Improving the nutritional content of staple crops, via the soil, can help tackle malnutrition according to the New Agriculturalist.
The lack of essential micronutrients in the diet, such as iron (Fe), zinc (Zn) and vitamin A leads to malnutrition on a grand scale in parts of the developing world leading to child mortality and mental impairment. Every year, an estimated 400,000 children, predominantly in Asia, die from zinc deficiency alone, nearly as many as die from malaria. Lack of zinc can cause diarrhoea, poor growth, and weaker resistance to infections such as pneumonia.
The report argues that increasing micronutrient concentrations in grain through the use of specially enhanced fertilisers could be a fast and cost-effective way to improve nutritional health among cereal-dependent communities.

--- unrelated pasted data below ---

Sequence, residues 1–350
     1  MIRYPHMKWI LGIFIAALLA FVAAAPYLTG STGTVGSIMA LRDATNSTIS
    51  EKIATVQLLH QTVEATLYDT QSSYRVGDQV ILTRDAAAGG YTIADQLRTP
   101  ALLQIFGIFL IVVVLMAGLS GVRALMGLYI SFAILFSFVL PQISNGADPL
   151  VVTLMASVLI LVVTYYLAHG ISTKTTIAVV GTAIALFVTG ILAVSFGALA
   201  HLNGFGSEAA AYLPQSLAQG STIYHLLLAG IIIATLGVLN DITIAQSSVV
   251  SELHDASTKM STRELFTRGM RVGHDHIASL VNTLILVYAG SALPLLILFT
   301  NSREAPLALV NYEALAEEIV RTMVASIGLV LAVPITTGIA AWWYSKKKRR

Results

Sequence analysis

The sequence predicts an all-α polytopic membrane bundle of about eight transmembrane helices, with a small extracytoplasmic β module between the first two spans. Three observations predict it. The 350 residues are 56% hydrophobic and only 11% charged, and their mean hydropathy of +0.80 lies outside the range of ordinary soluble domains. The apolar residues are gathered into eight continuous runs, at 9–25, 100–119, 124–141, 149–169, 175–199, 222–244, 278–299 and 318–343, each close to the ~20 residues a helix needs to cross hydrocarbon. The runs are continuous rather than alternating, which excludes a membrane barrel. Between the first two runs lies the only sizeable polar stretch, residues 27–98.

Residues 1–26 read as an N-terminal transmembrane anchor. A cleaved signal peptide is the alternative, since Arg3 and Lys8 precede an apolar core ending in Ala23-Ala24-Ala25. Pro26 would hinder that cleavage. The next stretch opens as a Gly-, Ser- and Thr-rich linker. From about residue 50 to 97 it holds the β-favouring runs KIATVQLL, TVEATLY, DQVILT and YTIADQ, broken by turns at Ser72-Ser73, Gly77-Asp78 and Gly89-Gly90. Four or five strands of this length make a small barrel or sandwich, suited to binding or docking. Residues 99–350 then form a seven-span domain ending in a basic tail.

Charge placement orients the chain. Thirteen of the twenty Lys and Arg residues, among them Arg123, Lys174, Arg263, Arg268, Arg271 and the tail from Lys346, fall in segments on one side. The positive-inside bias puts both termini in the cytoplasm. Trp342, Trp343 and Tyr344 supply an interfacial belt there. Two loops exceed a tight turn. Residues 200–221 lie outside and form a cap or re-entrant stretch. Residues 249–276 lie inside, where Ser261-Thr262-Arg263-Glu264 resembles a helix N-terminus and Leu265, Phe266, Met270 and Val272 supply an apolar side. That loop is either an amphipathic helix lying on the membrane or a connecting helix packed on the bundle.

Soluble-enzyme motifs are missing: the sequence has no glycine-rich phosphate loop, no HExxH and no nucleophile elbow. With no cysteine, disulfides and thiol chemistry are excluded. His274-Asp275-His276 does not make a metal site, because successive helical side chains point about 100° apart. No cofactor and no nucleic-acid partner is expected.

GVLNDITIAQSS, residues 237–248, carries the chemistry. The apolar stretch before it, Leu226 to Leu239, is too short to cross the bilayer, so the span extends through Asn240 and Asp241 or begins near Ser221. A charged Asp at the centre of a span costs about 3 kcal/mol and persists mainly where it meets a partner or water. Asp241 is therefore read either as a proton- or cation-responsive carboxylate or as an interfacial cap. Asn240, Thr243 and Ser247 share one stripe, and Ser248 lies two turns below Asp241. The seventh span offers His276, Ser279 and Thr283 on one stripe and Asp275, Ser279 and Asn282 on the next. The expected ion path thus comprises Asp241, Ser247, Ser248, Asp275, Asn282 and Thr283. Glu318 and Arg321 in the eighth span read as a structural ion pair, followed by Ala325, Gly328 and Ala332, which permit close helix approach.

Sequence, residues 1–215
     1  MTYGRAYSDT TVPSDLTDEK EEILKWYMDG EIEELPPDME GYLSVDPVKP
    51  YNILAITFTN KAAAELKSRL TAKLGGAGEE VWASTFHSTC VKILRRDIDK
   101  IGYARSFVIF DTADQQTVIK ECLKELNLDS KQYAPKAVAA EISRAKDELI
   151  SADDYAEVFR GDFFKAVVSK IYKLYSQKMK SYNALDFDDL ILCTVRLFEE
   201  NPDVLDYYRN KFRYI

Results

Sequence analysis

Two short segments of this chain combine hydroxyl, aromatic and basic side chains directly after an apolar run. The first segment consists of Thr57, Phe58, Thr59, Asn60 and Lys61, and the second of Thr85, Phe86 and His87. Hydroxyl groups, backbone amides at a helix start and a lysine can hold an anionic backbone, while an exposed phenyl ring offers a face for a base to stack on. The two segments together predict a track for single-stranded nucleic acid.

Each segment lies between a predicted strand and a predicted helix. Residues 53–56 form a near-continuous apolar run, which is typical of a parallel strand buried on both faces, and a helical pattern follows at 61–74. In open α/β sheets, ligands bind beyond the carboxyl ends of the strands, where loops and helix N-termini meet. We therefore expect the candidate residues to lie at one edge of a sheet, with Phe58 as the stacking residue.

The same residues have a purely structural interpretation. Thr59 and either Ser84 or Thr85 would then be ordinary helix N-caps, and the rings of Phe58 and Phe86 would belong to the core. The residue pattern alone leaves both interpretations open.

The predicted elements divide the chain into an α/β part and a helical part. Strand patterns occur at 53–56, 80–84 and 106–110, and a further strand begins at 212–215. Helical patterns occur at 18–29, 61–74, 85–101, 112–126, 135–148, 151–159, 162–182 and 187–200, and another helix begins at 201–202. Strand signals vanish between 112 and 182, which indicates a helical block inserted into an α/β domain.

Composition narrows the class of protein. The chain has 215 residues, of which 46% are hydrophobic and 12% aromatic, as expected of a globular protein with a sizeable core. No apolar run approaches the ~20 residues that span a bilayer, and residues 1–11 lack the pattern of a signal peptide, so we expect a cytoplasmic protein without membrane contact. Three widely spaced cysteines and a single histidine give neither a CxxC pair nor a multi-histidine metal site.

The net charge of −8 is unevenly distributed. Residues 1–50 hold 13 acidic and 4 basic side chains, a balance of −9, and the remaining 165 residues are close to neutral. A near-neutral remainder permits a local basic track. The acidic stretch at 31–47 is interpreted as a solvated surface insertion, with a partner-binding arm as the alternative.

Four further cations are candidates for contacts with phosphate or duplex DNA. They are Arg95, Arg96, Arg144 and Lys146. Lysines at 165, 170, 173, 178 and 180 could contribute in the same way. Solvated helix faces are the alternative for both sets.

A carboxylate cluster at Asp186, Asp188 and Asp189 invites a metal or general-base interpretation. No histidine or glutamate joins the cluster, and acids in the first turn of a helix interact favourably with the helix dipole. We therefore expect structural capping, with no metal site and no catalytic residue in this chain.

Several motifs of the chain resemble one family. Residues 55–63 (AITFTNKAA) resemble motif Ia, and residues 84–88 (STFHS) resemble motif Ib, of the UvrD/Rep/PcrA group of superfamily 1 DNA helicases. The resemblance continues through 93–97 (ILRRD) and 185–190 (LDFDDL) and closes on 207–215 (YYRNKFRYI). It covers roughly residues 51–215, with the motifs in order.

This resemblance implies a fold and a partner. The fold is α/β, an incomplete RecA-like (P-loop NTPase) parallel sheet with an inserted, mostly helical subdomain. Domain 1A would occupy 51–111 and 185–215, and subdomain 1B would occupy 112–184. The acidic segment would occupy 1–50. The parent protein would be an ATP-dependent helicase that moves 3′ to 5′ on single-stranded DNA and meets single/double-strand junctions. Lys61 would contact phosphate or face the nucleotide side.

Nearly half of the world's cereal production takes place on land with inadequate levels of soil-available zinc, reducing crop yields as well as contributing to poor child health and high mortality rates. Biofortification of staple crops with target micronutrients (zinc, iron and Vitamin A) is now a key focus for the Consultative Group on International Agricultural Research (CGIAR), through its HarvestPlus programme.
The report describes how adding zinc oxide (ZnO) or zinc sulphate (ZnSO4) to a standard (NPK) fertiliser boosts grain yields in rice and wheat, with ZnSO4 also significantly enhancing Zn concentration in the grain. Increasing micronutrient levels in the soil, through enriched fertilisers, is recommended as the quickest and most locally-appropriate way to enhance Zn uptake by plants and people, simultaneously improving crop yields and dietary Zn levels. For the full report, visit the New Agriculturalist website.